When Diné photographer Eugene Tapahe first started capturing the beauty of landscapes a decade ago, he was trying to provide a window to the world for his grandmother who could no longer travel. She told him, “I can’t walk the land. I can’t be with my animals.” He had served as a photojournalist and an editor for his Native community’s newspaper, the Navajo Times, and then as a graphic designer. But his grandmother’s words inspired him to follow his passion for photography. “I always felt like there is a healing aspect to my work,” he said.
When the COVID-19 pandemic began in the United States in March 2020, he had a life-changing dream. In it he was sitting in a field in Yellowstone National Park, surrounded by bison, when he heard the faint sound of jingle dresses. On these dresses are shells, metal cones or other items, each of which represents a prayer. The sound got louder as a group of women in jingle dresses joined the bison and began dancing. When he told his family about his dream, he said they must “make the dream come true and take the jingle dress to the land.”
In June, his daughters, Erin and Dion Tapahe, and their friends, Sunni and JoAnni Begay (all Diné), traveled with Tapahe to the Bonneville Salt Flats in Utah. After he photographed them in their jingle dresses, they played an honor drum song and the women danced on the salt flats. His daughters said they felt their ancestors were dancing with them.
This was the beginning of the Art Heals: Jingle Dress Project. Tapahe and the dancers have journeyed to national and state parks across the United States. After each photo shoot, the women dance to honor their ancestors and bless the land. Tapahe’s stunning images have earned him several awards, including first place in photography at the 2022 Santa Fe Indian Market.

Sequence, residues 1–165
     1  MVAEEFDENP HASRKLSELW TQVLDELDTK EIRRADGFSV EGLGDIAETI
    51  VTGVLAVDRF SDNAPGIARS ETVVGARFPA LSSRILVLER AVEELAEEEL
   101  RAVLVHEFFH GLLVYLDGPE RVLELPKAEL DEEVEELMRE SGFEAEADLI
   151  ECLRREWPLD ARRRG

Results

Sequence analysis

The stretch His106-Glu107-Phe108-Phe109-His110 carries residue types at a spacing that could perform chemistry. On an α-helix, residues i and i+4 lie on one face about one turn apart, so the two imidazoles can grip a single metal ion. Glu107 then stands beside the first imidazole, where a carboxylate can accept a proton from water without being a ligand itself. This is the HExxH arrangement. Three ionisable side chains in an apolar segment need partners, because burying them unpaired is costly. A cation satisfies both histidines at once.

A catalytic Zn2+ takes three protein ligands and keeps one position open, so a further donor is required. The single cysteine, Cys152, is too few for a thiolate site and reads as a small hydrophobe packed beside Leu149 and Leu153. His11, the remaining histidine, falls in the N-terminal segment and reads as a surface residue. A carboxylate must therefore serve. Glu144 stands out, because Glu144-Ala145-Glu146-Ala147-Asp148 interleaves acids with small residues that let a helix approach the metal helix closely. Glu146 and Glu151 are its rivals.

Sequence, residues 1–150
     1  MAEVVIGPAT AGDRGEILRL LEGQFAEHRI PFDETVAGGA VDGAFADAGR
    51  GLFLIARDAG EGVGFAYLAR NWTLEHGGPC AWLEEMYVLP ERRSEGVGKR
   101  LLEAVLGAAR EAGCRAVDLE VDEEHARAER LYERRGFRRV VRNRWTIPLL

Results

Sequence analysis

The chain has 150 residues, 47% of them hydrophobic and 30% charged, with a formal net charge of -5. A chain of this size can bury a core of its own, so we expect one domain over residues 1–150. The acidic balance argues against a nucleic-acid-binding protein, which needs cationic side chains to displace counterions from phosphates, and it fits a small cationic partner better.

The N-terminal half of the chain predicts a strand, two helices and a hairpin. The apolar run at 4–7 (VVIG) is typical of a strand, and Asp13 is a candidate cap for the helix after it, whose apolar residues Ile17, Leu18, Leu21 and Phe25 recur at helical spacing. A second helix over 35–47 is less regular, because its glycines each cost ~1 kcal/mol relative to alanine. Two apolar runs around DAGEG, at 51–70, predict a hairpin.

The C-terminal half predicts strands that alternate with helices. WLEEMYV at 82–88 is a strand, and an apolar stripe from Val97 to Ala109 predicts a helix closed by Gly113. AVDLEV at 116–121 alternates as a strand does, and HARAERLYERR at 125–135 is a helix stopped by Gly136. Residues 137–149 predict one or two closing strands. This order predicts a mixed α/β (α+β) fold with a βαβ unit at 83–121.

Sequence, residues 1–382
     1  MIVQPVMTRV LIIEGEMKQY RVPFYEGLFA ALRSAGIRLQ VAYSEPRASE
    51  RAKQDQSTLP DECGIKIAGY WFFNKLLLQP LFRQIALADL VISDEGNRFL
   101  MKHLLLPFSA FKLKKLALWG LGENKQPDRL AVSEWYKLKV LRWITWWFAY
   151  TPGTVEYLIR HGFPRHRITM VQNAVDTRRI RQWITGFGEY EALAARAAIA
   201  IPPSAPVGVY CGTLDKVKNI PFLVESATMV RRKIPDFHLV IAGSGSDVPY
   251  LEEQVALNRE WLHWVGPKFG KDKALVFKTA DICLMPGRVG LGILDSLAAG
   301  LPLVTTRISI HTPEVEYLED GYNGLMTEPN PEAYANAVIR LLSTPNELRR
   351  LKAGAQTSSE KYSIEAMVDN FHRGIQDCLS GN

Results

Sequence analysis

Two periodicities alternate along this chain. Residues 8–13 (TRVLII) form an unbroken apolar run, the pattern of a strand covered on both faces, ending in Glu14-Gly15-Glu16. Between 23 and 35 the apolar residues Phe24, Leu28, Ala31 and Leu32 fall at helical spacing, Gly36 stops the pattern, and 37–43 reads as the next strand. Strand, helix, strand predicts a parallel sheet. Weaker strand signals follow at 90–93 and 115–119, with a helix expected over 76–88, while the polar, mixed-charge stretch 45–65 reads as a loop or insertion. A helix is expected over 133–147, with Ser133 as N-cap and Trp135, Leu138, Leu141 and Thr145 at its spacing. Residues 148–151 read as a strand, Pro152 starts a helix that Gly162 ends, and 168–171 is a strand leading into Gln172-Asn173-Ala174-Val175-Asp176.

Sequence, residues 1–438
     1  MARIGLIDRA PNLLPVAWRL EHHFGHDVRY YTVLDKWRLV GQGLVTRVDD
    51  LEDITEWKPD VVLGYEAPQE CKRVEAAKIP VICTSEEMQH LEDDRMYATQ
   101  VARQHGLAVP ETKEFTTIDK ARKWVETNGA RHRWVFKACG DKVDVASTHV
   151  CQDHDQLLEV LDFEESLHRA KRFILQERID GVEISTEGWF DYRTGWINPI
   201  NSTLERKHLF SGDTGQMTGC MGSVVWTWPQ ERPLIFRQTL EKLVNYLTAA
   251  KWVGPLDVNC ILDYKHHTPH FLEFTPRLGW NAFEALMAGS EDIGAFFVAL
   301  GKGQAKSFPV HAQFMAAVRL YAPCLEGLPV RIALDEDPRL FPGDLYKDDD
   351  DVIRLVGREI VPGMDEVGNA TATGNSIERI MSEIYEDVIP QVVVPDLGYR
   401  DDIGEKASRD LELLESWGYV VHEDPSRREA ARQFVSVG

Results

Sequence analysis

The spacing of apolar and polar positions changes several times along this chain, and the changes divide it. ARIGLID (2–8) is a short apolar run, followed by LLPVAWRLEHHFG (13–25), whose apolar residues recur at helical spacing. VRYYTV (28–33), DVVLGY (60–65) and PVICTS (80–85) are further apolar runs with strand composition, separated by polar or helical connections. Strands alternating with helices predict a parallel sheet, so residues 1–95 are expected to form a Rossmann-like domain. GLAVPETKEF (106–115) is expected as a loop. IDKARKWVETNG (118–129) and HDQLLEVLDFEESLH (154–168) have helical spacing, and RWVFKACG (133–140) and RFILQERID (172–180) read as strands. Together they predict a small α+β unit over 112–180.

In August, the project members visited the Mille Lacs Band of Ojibwe in Minnesota, from whom the jingle dress originated—also from a dream. During the Spanish flu pandemic in the early 20th century, an Ojibwe man whose daughter was ill dreamt of a dress covered in metal cones that could heal her. His wife sewed four jingle dresses. After four young women danced in them, his daughter recovered. The Ojibwe tribe invited the Jingle Dress Project members to the site of that first dance. There, the women danced with the descendants of those who wore the first jingle dresses to offer healing prayers for those impacted by COVID-19.
The Jingle Dress Project continues to bring “the spirit of the land to people who need it,” said Tapahe. “We are grateful to give them hope.”